make a stand, they resisted ; and the Normans
confess that the great preponderance of their
force, alone enabled them to obtain the victory.

By William's orders, a spot close to the
Gonfanon was cleared, and he caused his pavilion
to be pitched among the corpses which were
heaped around. He there supped with his
barons ; and they feasted among the dead. But
when he contemplated the fearful slaughter, a
natural feeling of pity, perhaps allied to repent-
ance, arose in his stern mind ; and the Abbey
of Battle, in which the prayer was to be offered
up perpetually for the repose of the souls of all



who bad fallen in the conflict, was at once the 1066
monument of his triumph, and the token of his
piety. The abbey was most richly endowed :
and all the land, for one league round about,

t O 7

was annexed to the Battle franchise. The
Abbot was freed from the authority of the
Metropolitan of Canterbury, and invested with
archiepiscopal jurisdiction. The high altar was
erected on the very spot where Harold's stan-
dard had waved ; and the Eoll, deposited in the
archives of the Monastery, recorded the names
of those who had fought with the Conqueror,
and amongst whom the lands of broad England
were divided. But all this pomp and solemnity
has passed away like a dream. The " perpetual
prayer " has ceased for ever the roll of Battle
is rent. The shields of the Norman lineages are
trodden in the dust. The abbey is levelled with
the ground and a dank and reedy pool fills the
spot where the foundations of the quire have
been uncovered, merely for the gaze of the idle
visitor, or the instruction of the moping anti-

14. The victor is now installed ; but what
has become of the mortal spoils of his competi-
tor ? If we ask the monk of Malmesbury, we are
told that William surrendered the body to Harold's
mother, Githa, by whose directions the corpse of
the last surviving of her children was buried in
the Abbey of the Holy Cross. Those who lived
nearer the time, however, relate in explicit terms
VOL. in. T



1066 that William refused the rites of sepulture to

excommunicated enemy. Guillielmus Pic-
tavensis, the chaplain of the Conqueror, a most
trustworthy and competent witness, informs us
that a body of which the features were undis-
tinguishable, but supposed, from certain tokens,
to be that of Harold, was found between the
corpses of his brothers, Gurth and Leofwine,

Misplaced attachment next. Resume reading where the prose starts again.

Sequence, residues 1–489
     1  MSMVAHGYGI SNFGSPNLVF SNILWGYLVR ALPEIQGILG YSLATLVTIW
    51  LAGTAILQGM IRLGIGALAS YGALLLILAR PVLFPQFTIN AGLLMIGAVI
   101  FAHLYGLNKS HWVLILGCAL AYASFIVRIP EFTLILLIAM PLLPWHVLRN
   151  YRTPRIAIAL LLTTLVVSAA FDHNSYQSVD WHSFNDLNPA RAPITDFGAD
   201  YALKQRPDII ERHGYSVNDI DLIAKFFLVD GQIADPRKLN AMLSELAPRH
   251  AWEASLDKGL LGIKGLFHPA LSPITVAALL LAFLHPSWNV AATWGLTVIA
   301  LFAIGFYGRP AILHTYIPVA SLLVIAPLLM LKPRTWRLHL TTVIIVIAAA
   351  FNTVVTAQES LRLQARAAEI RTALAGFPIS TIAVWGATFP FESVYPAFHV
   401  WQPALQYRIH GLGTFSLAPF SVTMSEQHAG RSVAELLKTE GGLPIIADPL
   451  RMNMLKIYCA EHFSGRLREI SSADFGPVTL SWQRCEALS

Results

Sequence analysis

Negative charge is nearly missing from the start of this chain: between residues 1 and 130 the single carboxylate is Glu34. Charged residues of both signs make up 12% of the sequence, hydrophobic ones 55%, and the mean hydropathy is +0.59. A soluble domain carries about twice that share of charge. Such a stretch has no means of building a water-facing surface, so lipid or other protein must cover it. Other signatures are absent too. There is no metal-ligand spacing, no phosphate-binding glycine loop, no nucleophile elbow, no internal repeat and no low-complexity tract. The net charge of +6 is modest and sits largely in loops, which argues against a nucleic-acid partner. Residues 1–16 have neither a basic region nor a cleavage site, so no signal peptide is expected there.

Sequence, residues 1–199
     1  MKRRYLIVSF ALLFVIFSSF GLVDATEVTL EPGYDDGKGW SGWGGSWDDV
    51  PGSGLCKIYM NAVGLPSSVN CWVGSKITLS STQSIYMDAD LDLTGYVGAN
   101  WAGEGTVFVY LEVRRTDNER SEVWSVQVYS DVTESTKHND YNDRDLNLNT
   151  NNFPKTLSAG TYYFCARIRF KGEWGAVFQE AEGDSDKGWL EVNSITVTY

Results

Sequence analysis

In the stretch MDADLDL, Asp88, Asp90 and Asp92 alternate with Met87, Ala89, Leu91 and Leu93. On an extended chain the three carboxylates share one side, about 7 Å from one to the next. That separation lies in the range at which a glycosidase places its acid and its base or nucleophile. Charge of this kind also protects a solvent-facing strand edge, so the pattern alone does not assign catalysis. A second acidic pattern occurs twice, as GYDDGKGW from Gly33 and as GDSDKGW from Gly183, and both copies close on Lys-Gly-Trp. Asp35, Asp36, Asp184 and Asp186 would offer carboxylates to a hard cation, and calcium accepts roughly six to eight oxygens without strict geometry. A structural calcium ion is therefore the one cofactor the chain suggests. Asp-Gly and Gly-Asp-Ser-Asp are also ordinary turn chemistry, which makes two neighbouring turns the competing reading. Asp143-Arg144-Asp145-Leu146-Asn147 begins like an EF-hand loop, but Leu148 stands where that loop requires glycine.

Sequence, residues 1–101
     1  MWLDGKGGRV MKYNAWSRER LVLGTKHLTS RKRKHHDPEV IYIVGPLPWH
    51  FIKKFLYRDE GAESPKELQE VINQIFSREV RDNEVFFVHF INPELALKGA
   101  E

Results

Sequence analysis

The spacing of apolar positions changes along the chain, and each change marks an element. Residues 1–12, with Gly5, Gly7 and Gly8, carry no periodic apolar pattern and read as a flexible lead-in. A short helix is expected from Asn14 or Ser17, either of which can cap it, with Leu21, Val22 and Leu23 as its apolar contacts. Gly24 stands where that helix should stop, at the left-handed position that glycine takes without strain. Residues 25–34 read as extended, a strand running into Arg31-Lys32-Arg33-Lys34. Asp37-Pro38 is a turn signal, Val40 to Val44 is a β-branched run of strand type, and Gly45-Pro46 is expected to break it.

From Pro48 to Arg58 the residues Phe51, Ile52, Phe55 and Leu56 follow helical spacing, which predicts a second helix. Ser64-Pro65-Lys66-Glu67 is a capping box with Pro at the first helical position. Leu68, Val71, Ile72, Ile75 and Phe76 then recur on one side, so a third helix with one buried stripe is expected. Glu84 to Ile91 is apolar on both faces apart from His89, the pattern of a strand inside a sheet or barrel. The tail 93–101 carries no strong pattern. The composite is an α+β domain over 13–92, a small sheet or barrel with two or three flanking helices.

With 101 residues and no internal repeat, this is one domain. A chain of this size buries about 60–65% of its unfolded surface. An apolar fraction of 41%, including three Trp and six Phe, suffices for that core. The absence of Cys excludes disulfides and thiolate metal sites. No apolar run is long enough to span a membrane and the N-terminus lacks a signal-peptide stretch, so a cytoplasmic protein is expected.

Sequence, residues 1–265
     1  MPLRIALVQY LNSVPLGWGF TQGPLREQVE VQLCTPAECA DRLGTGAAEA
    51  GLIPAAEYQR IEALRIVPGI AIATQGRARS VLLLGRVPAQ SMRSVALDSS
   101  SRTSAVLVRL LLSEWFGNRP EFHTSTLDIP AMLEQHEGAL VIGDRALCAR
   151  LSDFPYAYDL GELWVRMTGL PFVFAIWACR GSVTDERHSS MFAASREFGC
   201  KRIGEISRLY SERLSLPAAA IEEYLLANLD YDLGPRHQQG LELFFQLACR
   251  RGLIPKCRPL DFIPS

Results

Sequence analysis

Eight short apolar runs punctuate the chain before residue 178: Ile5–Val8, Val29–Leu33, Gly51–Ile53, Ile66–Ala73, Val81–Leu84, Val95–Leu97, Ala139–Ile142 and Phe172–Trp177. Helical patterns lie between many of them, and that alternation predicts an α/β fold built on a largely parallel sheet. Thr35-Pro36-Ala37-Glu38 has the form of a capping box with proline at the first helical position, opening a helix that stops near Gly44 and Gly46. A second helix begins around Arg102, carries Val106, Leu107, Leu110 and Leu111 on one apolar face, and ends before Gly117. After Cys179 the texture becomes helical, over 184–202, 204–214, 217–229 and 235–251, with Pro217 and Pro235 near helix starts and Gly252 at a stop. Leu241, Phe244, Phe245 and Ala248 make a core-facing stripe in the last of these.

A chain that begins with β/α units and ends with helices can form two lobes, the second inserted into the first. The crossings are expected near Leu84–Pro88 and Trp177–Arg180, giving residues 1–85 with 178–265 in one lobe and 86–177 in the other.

and that William caused this corpse to be in-
terred in the sands of the sea-shore. " Let him
guard the coast," said William, " which he so
madly occupied ;" and though Githa had offered
to purchase the body by its weight in gold, yet
William was not to be tempted by the gift of the
sorrowing mother, or touched by her tears.

15. In the Abbey of Waltham, they knew
nothing of Githa. According to the annals of the
Convent, the two Brethren who had accompanied
Harold, hovered as nearly as possible to the
scene of war, watching the event of the battle :
and afterwards, when the strife was quiet in
death, they humbly approached William, and
solicited his permission to seek the corpse.

The Conqueror refused a purse, containing ten
marks of gold, which they offered as the tribute
of their gratitude ; and permitted them to proceed
to the field, and to bear away not only the re-
mains of Harold, but of all who, when living,
had chosen the Abbey of Waltham as their place
of sepulture.

Amongst the loathsome heaps of the unburied,


they sought for Harold, but sought in vain, 10 ^ 6 ,
Harold could not possibly be discovered no ThathewM
trace of Harold was to be found ; and as the last
hope of identifying his remains, they suggested
that possibly his beloved Editha might be able
to recognise the features so familiar to her affec-
tions. Algitha, the wife of Harold, was not to
be asked to perform this sorrowful duty. Osgood
went back to Waltham, and returned with Editha,
and the two canons and the weeping woman re-
sumed their miserable task in the charnel field.
A ghastly, decomposing, and mutilated corpse